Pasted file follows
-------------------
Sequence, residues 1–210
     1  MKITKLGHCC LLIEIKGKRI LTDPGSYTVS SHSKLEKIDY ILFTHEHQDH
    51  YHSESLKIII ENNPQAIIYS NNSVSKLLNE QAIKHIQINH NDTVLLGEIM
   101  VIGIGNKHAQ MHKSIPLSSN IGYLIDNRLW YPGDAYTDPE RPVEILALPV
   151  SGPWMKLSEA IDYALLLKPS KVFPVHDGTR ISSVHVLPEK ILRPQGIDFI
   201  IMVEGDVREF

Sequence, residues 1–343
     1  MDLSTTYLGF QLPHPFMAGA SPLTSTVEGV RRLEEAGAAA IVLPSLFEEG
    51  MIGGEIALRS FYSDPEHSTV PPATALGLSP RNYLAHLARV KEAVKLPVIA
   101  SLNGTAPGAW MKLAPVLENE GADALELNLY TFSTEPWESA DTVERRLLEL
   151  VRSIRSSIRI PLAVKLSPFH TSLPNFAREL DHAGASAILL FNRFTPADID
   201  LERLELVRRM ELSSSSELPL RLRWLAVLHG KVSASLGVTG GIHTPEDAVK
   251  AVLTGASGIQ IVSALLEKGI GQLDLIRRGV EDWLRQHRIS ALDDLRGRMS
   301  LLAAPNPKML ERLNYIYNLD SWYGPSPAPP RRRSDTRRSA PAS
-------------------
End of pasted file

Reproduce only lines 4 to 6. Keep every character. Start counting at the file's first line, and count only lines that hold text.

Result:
   101  VIGIGNKHAQ MHKSIPLSSN IGYLIDNRLW YPGDAYTDPE RPVEILALPV
   151  SGPWMKLSEA IDYALLLKPS KVFPVHDGTR ISSVHVLPEK ILRPQGIDFI
   201  IMVEGDVREF